Dr Merson’s research aims to understand how precursor cells become activated to replace oligodendrocytes that are destroyed in the central nervous system of patients with Multiple Sclerosis (MS). Although regeneration of oligodendrocytes occurs spontaneously in MS, this becomes limited as the disease progresses, resulting in permanent damage of nerve cells. By understanding this repair process the aim is to understand how to target precursor cells to enhance repair.
In 2009, Dr Merson established an animal model of oligodendrocyte cell death that mimics one of the earliest events in the generation of a new MS lesion. By creating genetically modified mice, Dr Merson was able to induce the death of oligodendrocytes in a tightly-controlled and specific manner when the animals were administered a particular drug.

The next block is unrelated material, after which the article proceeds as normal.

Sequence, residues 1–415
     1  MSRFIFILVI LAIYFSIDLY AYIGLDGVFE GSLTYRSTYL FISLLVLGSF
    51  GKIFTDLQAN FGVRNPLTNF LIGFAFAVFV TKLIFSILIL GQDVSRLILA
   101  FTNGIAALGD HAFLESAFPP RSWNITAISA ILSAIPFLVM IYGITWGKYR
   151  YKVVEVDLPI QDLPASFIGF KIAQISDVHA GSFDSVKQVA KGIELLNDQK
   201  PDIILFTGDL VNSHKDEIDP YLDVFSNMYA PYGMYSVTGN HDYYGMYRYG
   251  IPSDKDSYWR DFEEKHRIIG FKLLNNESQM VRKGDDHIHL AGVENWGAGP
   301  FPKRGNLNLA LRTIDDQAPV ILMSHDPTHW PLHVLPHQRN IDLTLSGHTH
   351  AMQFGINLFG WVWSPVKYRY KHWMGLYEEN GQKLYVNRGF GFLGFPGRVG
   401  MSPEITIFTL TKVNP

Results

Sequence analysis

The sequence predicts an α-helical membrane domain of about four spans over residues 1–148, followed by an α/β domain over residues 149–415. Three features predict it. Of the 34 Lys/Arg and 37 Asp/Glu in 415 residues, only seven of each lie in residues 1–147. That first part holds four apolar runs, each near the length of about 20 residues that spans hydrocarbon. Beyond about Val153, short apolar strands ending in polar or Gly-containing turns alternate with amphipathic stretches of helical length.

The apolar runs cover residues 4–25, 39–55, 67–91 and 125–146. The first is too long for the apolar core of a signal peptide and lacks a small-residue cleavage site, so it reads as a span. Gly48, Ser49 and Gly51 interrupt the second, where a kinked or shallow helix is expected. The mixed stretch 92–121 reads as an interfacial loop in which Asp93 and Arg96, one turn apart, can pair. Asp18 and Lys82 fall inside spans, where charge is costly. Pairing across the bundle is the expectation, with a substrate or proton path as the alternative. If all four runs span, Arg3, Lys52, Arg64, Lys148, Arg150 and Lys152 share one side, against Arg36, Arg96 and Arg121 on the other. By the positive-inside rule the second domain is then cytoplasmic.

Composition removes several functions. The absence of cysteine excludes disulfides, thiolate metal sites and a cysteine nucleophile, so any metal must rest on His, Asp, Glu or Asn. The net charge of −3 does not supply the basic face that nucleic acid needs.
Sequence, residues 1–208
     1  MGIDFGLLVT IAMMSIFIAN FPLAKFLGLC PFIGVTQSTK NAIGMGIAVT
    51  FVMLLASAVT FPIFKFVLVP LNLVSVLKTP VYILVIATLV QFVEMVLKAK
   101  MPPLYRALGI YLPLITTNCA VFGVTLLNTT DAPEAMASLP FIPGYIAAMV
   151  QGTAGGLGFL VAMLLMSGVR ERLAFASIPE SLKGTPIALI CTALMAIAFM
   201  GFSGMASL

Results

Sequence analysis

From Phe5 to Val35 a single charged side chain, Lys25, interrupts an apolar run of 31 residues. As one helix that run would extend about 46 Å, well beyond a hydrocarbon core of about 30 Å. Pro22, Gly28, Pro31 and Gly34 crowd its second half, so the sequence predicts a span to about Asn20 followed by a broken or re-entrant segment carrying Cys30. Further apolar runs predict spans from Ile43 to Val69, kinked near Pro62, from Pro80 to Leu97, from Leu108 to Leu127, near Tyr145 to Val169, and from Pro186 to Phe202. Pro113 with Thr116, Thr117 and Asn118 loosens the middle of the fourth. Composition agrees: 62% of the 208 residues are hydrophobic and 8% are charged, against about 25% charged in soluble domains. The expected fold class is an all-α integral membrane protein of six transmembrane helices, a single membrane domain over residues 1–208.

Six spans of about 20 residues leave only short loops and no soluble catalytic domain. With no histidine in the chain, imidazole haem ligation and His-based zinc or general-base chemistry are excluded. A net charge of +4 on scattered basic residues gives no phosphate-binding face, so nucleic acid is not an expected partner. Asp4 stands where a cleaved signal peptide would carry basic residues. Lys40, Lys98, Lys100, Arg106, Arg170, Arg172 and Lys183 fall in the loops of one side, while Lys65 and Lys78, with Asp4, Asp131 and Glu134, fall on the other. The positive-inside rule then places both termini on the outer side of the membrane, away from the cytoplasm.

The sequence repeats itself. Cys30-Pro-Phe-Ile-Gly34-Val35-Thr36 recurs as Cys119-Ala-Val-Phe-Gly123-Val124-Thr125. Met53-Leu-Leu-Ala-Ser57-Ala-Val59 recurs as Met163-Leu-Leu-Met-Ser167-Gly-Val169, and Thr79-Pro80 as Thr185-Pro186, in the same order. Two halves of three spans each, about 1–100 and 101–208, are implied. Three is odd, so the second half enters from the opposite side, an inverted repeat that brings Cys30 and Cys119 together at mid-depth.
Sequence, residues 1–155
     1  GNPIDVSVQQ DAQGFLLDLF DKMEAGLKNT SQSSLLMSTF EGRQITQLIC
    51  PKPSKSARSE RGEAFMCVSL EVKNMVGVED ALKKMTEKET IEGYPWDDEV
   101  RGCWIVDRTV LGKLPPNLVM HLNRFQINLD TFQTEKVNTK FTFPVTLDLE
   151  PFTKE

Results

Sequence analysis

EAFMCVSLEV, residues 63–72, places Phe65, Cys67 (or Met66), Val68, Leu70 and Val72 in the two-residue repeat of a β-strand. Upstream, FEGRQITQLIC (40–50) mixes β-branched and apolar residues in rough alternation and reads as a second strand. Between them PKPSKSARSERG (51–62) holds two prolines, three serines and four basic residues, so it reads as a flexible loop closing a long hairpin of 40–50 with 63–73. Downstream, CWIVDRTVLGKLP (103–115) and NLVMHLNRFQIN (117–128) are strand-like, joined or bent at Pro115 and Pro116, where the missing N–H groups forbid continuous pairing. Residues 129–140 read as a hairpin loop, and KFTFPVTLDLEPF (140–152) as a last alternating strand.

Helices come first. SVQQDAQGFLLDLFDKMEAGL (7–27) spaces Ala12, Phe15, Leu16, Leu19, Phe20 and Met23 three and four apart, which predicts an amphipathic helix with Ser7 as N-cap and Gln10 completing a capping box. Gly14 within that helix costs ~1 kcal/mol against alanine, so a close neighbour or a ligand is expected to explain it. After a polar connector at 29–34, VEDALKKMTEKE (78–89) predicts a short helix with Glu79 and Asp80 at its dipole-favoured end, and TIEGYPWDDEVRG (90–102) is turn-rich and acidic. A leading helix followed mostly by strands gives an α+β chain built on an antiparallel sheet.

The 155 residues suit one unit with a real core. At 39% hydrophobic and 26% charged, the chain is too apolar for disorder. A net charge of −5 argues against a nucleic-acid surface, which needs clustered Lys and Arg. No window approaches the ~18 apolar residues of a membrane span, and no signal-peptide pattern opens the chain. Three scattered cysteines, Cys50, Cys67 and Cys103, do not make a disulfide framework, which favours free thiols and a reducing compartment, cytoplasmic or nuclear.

Dr Merson showed that this results in movement disorders and cellular changes in the brain that are similar to that observed in people with MS. By assessing the response of immature precursor cells to this insult, Dr Merson then aimed to identify the genes that are responsive to oligodendrocyte death and myelin loss.
In addition, Dr Merson's research aims to identify the key processes responsible for nerve cell damage occurring as a result of oligodendrocyte death. This research will define new targets for drug intervention for the enhancement of repair following demyelination. A comprehensive understanding of this regenerative response will enable us to develop new therapies for MS that promote repair of MS lesions.
Updated: 05 January, 2007